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Salvador Dalí

Vénus à la girafe, 1973

Bronze with brown patina
61 2/5 × 9 1/10 × 26 2/5 in
156 × 23 × 67 cm
Edition 5/6
Bidding closed
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About the work
Exhibition history
Bibliography
Provenance
P
Phillips

Property from an Important Private Collection, Florida

This work is number 5 from an edition of 6 …

Read more

Property from an Important Private Collection, Florida

This work is number 5 from an edition of 6 and is accompanied by a photo-certificate of authenticity issued by Venturi Arte.

Medium
Sculpture
Signature
Incised with the artist's signature and number "Salvador Dalí 5/6” and stamped with the Venturi Arte Foundry mark on the base
Salvador Dalí
Spanish, 1904–1989
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Salvador Dalí was a leading proponent of Surrealism, the 20-century avant-garde movement that sought to release the creative potential of the unconscious through strange, dream-like imagery. “Surrealism is destructive, but it destroys only what it considers to be shackles limiting our vision,” he said. Dalí is specially credited with the innovation of “paranoia-criticism,” a philosophy of art making he defined as “irrational understanding based on the interpretive-critical association of delirious phenomena.” In addition to meticulously painting fantastic compositions, such as The Accommodations of Desire (1929) and the melting clocks in his famed The Persistence of Memory (1931), Dalí was a prolific writer and early filmmaker, and cultivated an eccentric public persona with his flamboyant mustache, pet ocelot, and outlandish behavior and quips. “Each morning when I awake, I experience again a supreme pleasure,” he once said. “That of being Salvador Dalí.”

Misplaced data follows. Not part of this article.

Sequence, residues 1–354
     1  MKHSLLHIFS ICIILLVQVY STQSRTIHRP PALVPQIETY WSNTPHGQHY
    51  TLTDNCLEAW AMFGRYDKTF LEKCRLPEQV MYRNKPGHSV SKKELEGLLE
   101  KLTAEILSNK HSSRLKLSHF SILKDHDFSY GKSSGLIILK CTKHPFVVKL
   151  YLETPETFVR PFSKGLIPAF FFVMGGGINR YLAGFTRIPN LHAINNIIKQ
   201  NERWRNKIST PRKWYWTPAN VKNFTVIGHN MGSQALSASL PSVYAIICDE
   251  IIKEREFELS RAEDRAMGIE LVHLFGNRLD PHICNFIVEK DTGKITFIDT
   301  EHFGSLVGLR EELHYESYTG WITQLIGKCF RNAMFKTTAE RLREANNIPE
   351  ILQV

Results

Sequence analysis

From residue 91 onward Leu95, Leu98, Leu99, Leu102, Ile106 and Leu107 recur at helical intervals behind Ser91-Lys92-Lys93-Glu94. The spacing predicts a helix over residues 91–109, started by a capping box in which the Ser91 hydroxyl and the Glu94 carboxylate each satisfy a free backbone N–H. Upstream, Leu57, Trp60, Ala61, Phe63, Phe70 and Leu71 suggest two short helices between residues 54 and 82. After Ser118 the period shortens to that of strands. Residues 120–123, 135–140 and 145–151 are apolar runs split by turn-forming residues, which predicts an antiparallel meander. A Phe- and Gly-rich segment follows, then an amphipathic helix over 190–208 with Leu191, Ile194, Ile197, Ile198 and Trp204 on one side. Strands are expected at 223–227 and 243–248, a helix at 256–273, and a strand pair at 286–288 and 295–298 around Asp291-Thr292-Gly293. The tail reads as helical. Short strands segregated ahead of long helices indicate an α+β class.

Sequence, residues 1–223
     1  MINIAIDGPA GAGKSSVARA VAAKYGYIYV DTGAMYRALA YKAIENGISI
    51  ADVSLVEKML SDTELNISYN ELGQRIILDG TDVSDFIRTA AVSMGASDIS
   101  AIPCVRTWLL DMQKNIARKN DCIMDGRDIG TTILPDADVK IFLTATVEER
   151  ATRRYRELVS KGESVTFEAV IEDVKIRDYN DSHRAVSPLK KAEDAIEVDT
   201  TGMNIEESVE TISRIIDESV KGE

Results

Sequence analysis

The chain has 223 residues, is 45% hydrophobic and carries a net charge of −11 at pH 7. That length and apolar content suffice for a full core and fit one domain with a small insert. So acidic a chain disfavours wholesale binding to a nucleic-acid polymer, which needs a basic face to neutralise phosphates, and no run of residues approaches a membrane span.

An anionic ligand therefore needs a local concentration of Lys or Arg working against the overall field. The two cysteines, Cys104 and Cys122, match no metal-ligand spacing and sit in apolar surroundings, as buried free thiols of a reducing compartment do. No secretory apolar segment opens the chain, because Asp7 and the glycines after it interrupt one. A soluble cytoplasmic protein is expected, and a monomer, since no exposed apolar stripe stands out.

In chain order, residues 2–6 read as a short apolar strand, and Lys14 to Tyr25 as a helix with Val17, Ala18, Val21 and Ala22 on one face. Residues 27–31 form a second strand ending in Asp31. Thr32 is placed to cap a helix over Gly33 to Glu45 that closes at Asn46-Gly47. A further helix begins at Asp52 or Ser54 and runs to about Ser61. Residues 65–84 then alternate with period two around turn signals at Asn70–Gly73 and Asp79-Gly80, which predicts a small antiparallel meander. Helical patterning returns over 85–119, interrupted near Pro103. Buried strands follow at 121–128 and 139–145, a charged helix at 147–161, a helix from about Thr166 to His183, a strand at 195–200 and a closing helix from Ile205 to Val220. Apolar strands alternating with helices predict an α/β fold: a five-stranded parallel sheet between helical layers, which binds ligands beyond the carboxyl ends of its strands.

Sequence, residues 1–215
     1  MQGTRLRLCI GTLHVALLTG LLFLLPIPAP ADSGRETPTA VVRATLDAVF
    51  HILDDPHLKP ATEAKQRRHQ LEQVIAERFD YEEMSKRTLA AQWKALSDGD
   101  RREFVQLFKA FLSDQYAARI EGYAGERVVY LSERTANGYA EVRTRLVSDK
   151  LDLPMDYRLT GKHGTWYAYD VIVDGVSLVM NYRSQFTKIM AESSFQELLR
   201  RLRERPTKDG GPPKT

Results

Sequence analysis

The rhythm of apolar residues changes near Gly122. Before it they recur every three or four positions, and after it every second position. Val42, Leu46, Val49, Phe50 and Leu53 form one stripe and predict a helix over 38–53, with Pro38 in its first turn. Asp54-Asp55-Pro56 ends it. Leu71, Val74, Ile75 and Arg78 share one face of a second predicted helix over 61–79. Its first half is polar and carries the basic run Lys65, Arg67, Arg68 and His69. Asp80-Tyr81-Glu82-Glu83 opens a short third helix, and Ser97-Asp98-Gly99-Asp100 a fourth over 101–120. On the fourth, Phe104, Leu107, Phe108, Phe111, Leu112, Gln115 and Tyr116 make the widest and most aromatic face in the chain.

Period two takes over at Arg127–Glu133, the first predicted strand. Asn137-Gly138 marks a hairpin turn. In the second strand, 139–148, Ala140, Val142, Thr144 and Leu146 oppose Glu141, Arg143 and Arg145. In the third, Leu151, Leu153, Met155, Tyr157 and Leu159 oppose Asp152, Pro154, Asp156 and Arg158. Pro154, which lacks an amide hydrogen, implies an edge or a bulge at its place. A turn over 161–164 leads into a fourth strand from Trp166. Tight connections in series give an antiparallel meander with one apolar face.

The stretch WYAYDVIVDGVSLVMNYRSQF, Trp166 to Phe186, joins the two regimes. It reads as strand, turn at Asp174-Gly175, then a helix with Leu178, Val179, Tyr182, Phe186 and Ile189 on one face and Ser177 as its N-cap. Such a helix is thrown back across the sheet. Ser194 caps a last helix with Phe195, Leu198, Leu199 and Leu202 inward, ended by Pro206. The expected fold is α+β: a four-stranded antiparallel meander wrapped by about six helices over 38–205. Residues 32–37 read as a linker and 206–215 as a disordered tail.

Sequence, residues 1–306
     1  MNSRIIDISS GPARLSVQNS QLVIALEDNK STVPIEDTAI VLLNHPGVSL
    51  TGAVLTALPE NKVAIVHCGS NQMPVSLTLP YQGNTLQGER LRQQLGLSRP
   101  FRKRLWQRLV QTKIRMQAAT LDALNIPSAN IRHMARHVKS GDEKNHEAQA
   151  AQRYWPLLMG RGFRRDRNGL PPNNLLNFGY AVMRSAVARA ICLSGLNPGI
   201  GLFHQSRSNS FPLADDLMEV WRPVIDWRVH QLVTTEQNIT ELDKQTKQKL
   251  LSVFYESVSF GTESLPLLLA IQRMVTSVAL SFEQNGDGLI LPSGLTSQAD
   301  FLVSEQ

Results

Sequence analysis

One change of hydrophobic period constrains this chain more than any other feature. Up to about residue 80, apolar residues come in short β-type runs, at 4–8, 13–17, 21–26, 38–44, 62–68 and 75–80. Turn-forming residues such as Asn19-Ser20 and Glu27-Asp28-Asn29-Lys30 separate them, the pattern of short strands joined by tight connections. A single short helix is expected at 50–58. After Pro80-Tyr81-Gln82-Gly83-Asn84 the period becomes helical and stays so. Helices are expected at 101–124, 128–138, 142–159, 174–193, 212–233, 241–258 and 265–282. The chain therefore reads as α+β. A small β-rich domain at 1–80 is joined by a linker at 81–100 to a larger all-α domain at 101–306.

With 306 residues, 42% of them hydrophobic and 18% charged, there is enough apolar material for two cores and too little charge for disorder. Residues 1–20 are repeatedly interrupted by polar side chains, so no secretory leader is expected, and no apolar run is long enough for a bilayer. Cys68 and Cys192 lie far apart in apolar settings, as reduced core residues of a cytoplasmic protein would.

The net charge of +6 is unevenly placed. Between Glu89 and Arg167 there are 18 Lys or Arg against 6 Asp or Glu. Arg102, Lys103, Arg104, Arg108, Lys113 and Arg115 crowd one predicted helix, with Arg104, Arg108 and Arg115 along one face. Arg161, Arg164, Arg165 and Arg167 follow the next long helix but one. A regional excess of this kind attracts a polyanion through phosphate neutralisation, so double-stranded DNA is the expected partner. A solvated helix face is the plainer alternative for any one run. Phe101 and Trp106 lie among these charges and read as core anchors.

Save
Save
share
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Save
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share
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About the work
Exhibition history
Bibliography
Provenance
P
Phillips

Property from an Important Private Collection, Florida

This work is number 5 from an edition of 6 …

Read more

Property from an Important Private Collection, Florida

This work is number 5 from an edition of 6 and is accompanied by a photo-certificate of authenticity issued by Venturi Arte.

Medium
Sculpture
Signature
Incised with the artist's signature and number "Salvador Dalí 5/6” and stamped with the Venturi Arte Foundry mark on the base
Salvador Dalí
Spanish, 1904–1989
Follow

Salvador Dalí was a leading proponent of Surrealism, the 20-century avant-garde movement that sought to release the creative potential of the unconscious through strange, dream-like imagery. “Surrealism is destructive, but it destroys only what it considers to be shackles limiting our vision,” he said. Dalí is specially credited with the innovation of “paranoia-criticism,” a philosophy of art making he defined as “irrational understanding based on the interpretive-critical association of delirious phenomena.” In addition to meticulously painting fantastic compositions, such as The Accommodations of Desire (1929) and the melting clocks in his famed The Persistence of Memory (1931), Dalí was a prolific writer and early filmmaker, and cultivated an eccentric public persona with his flamboyant mustache, pet ocelot, and outlandish behavior and quips. “Each morning when I awake, I experience again a supreme pleasure,” he once said. “That of being Salvador Dalí.”

Salvador Dalí

Vénus à la girafe, 1973

Bronze with brown patina
61 2/5 × 9 1/10 × 26 2/5 in
156 × 23 × 67 cm
Edition 5/6
Bidding closed
Want to sell a work by this artist? Consign with Artsy.
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